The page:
3. Commuting. If you’re commuting, don’t worry, you can enjoy college as well! First of all, make sure to buy your parking permits on time. Busch and College Ave sell out really fast!! Also, try to make your schedule work with your commute in mind. You do not want to have an 8 A.M. class and then another class 5 hours later. What about meeting new people? Social psychology says the people who will connect with you best are those in close proximity and similarity to you. I’m talking about the people in your classes, especially sitting right next to you! If you didn’t know, Rutgers has a huge commuting student group. You can find them at the commuter lounges at Busch or even the cafeterias where all the food vendors are.
  4. Add Drop. So you probably will hear about this a lot, remember the first week of college is add-drop period. You can check out classes, see how you like it, and then decide to add or drop them even. This is all done through Webreg. I also recommend using Course Schedule Planner, Schedule of Classes sites and Rate My Professor.
  5. Books. Ok, textbooks are expensive. I really recommend you to try to find used versions or better options through Amazon, eBay, or even Facebook Rutgers groups! And sometimes you can even find PDFs of your textbooks online!
  6. Buses!! One of the things that might have pushed you not to come to Rutgers probably was the bus system. They might be hard to navigate and probably will be so crowded that you won’t get on, but it’s doable. Trust me. Download the Nextbus Rutgers App and it will tell you when the bus will be coming and even where it currently is. That app will literally be your best friend in the beginning months!

The last thing I want to talk about is meeting and talking to new people. This is hard, trust me I’m a bit of an introvert so I know. But honestly, everyone is a bit nervous to talk to someone completely new and a stranger to them. Our minds think, “Oh my gosh, what if I sound weird,” “What if he/she does not like me,” or “What if he/she does not want to even talk to me.”  STOP WITH THE WHAT IFS! Talking to someone new is a risk we CAN afford to take. And what’s the worst that can happen? The person is not interested and leaves. Who cares! There are a million more people you can try talking to next. But now I want you to think of what is possible. You can find someone who is taking the same class as you and from the same town as you. You can find someone who is also interested in a certain TV show. That “someone” can become a friend, and even one of your best friends or more. The pros outweigh the cons trust me! All it takes is 15 seconds of confidence and your life might even change!

I cannot wait to go back to Rutgers this Fall and enjoy every day I have left before I graduate in the spring. I have made some of my favorite memories here and I hope you do too! It’s gonna be a blast, trust me!!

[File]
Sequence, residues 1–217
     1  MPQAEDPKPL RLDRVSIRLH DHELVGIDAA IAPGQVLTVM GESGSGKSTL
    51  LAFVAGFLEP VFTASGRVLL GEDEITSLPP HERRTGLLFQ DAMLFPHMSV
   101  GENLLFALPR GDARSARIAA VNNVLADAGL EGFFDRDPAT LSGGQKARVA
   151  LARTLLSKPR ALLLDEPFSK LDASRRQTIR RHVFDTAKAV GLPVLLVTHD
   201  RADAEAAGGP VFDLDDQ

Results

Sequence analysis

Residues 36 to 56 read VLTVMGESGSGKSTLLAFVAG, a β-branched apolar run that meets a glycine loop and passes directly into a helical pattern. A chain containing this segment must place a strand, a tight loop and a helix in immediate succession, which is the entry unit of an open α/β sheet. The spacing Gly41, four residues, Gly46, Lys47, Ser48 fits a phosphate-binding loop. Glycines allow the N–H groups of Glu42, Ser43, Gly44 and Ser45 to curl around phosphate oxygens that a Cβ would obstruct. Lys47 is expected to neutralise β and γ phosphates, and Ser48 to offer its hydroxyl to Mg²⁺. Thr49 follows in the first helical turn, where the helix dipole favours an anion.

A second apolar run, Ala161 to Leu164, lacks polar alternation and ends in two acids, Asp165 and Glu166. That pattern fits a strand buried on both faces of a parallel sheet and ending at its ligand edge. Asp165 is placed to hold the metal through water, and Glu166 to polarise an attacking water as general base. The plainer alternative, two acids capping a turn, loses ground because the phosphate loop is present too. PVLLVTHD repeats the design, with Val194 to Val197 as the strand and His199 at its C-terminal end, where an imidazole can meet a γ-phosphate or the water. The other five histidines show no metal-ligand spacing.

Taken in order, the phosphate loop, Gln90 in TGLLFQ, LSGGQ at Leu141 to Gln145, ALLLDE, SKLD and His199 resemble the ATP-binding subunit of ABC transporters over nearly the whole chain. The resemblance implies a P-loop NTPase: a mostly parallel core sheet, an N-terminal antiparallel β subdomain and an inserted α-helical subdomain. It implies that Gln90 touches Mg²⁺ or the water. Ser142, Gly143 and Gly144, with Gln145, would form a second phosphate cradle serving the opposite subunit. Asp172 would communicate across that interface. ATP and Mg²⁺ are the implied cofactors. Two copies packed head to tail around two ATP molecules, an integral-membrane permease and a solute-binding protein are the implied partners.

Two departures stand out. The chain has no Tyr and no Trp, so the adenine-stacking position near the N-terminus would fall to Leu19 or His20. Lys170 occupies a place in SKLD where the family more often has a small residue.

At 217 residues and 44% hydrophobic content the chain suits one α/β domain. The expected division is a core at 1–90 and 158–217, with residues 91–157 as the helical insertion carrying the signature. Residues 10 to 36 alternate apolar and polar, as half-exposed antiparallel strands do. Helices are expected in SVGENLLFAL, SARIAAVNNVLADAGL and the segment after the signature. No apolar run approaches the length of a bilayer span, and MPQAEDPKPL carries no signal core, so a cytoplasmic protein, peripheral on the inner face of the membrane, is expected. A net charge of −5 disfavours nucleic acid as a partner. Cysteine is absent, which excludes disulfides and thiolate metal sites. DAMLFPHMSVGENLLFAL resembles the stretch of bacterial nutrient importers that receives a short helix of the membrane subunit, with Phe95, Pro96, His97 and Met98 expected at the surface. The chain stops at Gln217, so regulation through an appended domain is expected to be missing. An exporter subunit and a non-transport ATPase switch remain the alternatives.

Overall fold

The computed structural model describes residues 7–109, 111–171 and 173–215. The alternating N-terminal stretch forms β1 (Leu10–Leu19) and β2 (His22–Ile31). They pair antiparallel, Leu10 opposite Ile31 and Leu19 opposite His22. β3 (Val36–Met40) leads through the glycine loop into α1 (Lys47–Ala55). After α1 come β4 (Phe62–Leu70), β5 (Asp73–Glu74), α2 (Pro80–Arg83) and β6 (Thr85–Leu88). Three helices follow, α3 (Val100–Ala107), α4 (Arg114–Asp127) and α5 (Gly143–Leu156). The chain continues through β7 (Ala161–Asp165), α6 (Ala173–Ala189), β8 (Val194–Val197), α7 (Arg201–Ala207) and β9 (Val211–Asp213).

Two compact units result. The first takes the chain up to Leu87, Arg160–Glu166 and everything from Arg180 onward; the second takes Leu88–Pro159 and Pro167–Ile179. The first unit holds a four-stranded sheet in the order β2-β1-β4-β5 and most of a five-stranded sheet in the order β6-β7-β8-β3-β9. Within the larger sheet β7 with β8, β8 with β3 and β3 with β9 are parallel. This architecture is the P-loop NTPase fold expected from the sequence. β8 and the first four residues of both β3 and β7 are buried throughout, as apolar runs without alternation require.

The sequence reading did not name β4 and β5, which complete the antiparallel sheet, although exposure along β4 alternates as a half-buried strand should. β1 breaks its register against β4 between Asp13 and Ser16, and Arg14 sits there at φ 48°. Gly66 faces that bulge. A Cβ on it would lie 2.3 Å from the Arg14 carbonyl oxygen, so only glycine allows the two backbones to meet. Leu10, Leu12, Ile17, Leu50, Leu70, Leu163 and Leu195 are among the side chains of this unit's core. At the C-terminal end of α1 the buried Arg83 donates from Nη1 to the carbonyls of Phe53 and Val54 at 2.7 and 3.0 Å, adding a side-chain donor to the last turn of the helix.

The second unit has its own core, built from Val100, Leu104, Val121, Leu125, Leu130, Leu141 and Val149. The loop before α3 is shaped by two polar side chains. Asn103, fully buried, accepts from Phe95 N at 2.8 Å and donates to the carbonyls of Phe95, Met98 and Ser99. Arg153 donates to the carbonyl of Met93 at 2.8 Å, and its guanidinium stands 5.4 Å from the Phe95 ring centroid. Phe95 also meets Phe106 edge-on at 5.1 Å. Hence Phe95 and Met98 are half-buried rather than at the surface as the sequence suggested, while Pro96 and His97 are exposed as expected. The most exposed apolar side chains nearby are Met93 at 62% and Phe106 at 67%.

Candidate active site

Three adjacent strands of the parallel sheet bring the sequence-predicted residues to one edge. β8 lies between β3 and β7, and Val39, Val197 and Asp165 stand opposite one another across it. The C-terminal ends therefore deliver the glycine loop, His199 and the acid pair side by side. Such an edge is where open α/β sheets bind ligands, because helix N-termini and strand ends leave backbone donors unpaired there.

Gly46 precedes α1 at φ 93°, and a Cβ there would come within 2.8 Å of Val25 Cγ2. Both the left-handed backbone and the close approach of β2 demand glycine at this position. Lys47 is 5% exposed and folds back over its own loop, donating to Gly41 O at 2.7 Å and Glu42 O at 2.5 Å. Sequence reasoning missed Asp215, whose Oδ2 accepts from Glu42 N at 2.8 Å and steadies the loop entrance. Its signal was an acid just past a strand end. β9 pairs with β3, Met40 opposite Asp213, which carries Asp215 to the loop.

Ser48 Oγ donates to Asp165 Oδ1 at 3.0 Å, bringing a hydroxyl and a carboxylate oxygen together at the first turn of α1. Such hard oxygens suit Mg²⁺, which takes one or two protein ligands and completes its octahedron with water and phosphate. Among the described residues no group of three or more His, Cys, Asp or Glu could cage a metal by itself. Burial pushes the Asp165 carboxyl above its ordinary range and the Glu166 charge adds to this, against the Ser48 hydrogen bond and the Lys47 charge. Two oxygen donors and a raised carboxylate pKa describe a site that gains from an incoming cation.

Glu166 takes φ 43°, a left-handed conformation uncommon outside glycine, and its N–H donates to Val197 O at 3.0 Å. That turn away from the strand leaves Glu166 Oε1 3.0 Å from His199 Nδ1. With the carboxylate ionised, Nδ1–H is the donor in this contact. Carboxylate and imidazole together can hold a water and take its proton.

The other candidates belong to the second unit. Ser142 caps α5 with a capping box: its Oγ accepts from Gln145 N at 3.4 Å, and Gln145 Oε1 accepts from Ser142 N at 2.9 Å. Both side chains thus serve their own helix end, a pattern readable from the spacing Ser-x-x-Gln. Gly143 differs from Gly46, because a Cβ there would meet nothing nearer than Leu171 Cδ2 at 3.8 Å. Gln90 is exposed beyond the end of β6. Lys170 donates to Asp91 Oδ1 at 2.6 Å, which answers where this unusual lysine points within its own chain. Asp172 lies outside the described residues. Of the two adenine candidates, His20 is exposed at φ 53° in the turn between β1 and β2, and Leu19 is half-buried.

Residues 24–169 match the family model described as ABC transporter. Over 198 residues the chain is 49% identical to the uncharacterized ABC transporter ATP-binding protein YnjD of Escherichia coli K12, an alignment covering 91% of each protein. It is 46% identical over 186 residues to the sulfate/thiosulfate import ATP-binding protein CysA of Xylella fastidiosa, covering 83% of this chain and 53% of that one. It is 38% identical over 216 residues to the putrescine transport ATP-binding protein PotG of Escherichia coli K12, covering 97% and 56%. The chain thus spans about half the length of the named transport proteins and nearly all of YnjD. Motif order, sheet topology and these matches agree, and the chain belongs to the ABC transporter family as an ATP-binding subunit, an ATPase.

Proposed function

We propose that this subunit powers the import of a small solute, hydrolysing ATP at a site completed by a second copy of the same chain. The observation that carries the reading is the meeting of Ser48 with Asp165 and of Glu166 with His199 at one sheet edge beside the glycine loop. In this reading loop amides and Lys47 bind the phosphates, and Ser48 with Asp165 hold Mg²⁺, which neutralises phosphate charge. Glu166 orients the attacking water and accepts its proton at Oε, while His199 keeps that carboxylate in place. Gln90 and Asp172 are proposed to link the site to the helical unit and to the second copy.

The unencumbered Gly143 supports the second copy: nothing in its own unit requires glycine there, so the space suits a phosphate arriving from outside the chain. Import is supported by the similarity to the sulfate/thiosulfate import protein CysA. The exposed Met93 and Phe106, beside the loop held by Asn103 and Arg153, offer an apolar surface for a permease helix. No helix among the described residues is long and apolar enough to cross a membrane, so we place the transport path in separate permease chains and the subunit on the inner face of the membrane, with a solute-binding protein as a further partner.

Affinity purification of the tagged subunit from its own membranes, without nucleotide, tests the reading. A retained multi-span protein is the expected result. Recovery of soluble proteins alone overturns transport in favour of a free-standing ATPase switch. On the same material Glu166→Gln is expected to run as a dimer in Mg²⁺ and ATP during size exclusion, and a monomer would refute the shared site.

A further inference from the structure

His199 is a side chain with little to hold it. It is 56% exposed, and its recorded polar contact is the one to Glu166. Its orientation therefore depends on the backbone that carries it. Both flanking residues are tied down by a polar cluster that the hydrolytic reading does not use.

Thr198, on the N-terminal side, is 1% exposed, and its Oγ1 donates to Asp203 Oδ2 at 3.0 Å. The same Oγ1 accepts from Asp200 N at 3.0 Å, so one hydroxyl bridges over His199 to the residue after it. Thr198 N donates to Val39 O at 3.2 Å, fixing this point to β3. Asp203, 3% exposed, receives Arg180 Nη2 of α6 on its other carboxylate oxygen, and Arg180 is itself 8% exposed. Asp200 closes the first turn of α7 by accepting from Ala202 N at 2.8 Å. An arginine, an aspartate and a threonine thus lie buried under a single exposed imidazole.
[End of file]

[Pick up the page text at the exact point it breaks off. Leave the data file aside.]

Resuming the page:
So What Now?

Could the summer progress any faster? Although I’m glad that I have some time left to enjoy it, there is really no other question that lurks at the back of my mind other than how I am going to spend it. Up until very recently, the answer was easy, with the MCATs buzzing around my head like bees around the most nectar-filled flower. Now that that time is over, which I didn’t even think would actually be possible, what grand brain-draining project will there be to replace it?

Up until June 30, the fateful day of my exam, this was how I was thinking.

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So far, over the entire month of July, now this has been more in line with how I am thinking, possibly even right now.

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No matter how redundant and cliche this may sound, the MCAT is the test, the one that really sucks all the brain power out in many different ways you could never imagine and makes you never want to go back. The best part about that is, never before have I gotten to enjoy myself so much with binge-watching Friends on Netflix or rewatching old classic Disney films I used to love when I was little, especially after my trip to Disney World last month. I am not afraid to admit that Disney really is magical for all ages, so call me a kid if you have to. Hey, how about a nice magical picture here? No admission fee!

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Unfortunately, not thinking can really get to me at times, and although the urge to relax endlessly constantly lingers over me while I am so busy with clinical work during the week, I always strive to somehow keep myself busy. It shouldn’t be too hard to find a new endeavor since the application cycle for med school has already begun. I am so looking forward to (sarcastically I say) the return of the college essay phase from four years ago, this time in the form of my personal statement- the literature that dictates my aspirations of donning the garb of the upholder of hope and the surrounding wind of circumstances that gave way to my ambitions to embark on this grand journey to that vast realm equipped with the essential maxim to ensure the fine fettle of all who embody the essence of humanity. If you’re like me and not really thinking, half, maybe all, of what I just stated probably made no sense, and you look as confused as my dog when I ask him if he knows he’s a dog. Basically, it’s the essay that states why I want to go to medical school to become a doctor. On top of this essay that addresses all medical schools I apply to, each school has their own secondary applications that ask why their school fits the bill for me specifically.